Be flexible in your travel plans in order to get the lowest fare. The best deals may be limited to travel on certain days of the week (often Tuesday through Thursday, or Friday night through Sunday morning) or particular hours of the day (e.g., late-night departures). This applies to each of your flights, not just the first flight in your itinerary. After you get a fare quote, ask the reservations agent if you could save even more by flying a day earlier or later, or by taking a different flight on the same day. Or simply ask the agent what the lowest fare is, and what you need to do to qualify for it.
Plan as far ahead as you can. Most airlines set aside only a few seats on many desirable flights at the lower rates. The real best bargains often sell out very quickly. On the other hand, if a particular flight is not selling as well as expected, air carriers sometimes make more discount seats available for a particular flight just before the advance-purchase deadline expires. For example, if the lowest fare has a 21-day advance-purchase requirement but is sold out for most dates, and you can go any time, ask about fare availability on flights 21 or 22 days from when you call.
While planning ahead is a good general rule, if you can bide your time you might encounter a “fare sale.” Many airlines put seats on sale for brief periods several times a year (although you usually can purchase tickets for flights weeks or months after the end of the sale period). It is difficult to predict when these sales will occur, although they often fall during times when people are less likely to buy airline tickets (e.g. early autumn or right immediately after New Years).
In a large metropolitan area, the fare could depend on which airport you use. For example, if you are going to Southeast Florida and plan to rent a car, it might not make much difference if you fly to Miami or Ft. Lauderdale, except for ticket price. Also, a connection (change of planes) or a one-stop flight is sometimes cheaper than a nonstop. Always check on alternate airports and routings when pricing a ticket.
Look into all airlines that serve the market you are interested in, including low-cost carriers that offer low fares. Many times the major carriers will match the fares of a low-cost airline between the same cities; but often this will only be for a certain limited number of seats on each flight. On a low-cost carrier, find out what you get for your money: baggage transfers from one carrier to another, meals, advance seat assignments, etc. Note that small airlines sometimes have only one flight per day in many markets, and they frequently will not reroute you on another airline if your flight is canceled or delayed. In such cases you may have to wait until the next day to fly.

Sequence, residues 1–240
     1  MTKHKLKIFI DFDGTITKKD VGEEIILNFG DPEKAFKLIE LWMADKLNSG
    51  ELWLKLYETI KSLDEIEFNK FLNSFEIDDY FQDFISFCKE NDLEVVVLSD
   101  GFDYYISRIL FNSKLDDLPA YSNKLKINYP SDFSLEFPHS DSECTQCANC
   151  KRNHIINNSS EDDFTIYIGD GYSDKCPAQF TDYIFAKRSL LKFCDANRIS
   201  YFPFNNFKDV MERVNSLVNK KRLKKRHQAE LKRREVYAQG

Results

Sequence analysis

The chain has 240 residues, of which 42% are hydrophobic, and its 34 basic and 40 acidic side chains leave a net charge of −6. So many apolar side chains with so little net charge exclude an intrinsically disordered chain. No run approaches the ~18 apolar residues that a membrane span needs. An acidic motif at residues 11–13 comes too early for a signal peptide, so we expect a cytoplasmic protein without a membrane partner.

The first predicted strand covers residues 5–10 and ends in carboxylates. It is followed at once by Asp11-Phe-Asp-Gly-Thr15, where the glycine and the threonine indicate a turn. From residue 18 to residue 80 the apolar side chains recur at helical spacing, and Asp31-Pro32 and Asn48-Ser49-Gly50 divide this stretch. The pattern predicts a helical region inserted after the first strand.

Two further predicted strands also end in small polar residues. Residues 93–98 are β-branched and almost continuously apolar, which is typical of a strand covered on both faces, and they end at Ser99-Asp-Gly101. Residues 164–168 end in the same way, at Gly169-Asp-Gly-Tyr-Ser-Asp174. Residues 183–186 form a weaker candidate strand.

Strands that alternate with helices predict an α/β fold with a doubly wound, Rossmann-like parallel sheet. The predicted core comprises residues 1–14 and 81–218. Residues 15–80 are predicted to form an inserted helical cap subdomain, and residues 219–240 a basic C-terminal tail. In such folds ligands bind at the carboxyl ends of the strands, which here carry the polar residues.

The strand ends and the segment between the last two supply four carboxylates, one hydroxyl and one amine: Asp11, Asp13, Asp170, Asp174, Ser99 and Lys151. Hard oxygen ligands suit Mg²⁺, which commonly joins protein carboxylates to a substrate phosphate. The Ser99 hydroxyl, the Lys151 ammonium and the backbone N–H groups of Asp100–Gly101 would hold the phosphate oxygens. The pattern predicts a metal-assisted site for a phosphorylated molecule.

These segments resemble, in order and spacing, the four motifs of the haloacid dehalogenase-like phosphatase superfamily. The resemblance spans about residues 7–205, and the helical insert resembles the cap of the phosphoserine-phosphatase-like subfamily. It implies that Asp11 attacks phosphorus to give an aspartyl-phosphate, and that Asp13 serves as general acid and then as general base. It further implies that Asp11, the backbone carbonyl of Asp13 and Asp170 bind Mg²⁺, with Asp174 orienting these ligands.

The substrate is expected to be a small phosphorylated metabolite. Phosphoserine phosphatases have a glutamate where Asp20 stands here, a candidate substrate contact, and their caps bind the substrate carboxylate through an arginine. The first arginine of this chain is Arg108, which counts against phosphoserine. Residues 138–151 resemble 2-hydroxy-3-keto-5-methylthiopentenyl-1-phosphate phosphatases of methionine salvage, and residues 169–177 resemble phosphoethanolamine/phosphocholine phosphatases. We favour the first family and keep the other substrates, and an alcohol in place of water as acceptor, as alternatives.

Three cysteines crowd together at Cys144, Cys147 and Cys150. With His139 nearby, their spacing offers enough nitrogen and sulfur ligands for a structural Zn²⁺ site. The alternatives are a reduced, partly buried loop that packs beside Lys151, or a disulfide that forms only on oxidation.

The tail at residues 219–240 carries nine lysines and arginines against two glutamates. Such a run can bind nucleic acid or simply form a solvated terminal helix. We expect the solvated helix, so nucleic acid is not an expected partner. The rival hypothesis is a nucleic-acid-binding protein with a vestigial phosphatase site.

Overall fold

Ask about all restrictions on your fare. Typical requirements for discount fares include purchasing a round-trip ticket, buying the ticket a certain number of days before departure (e.g., for many fares, at least 14 or 21 days before you leave), purchasing the ticket within 24 hours of making a reservation, staying over a Saturday night, traveling during a certain time of the year, staying no more than 30 days, and, as discussed below, refund/change restrictions.
Ask about your ability to change or cancel your flight if you need to. Even if you get sick, you cannot assume you will get a refund. In fact, most discount tickets now are non-refundable, but can be applied toward the purchase of other tickets on the same carrier. You must usually pay an administrative charge and any difference between the fares for the old and new flights when you do this.
Consider using a travel agent. Agents usually do not charge a fee (they get a commission from the airline), and they can tell you about “consolidators” and other sources of discounted seats that are not available directly from the airline. However, consolidator seats can have even more severe restrictions than the airlines’ own deep-discount fares, particularly if the flight is delayed or canceled. A few travel agents sometimes have access to special deals with a particular airline (either discounts or extra services). If you are flying to a popular foreign destination, or to Las Vegas or Hawaii, ask the travel agent about Public Charters. These charters sometimes offer lower fares, but again with significant restrictions that are spelled out in an operator/participant contract that you should review carefully.
Ask the travel agent if the city where you live or the city where you are going is an airline “hub.” If it is, fares may be higher than for flights to other nearby cities because of reduced competition. Someone who lives at a hub might save money by leaving from another nearby city, even if they end up connecting through the hub to get to their destination.
A number of airlines send e-mail messages every week to receive notification of last-minute fare specials for departures within the next few days. See the airlines’ World Wide Web sites for information about these programs, or call their reservations line. (Do not assume that an airline reservation agent or travel agent will be aware of the fares offered to e-mail subscribers.)
Many airlines offer a seniors discount off any fare to travelers over a certain age. In addition, some carriers offer bereavement and emergency illness fares with varying documentation requirements and discounts.
If you are a member of an airline’s frequent-flyer program and you are considering buying a promotional or deep-discount fare, ask if that fare will earn frequent-flyer miles.
After you buy your ticket, you may wish to call the airline or travel agent once or twice before departure to confirm your reservations and check the fare. Fares change all the time, and if that same fare goes down before you fly, some airlines will refund the difference. But you have to ask.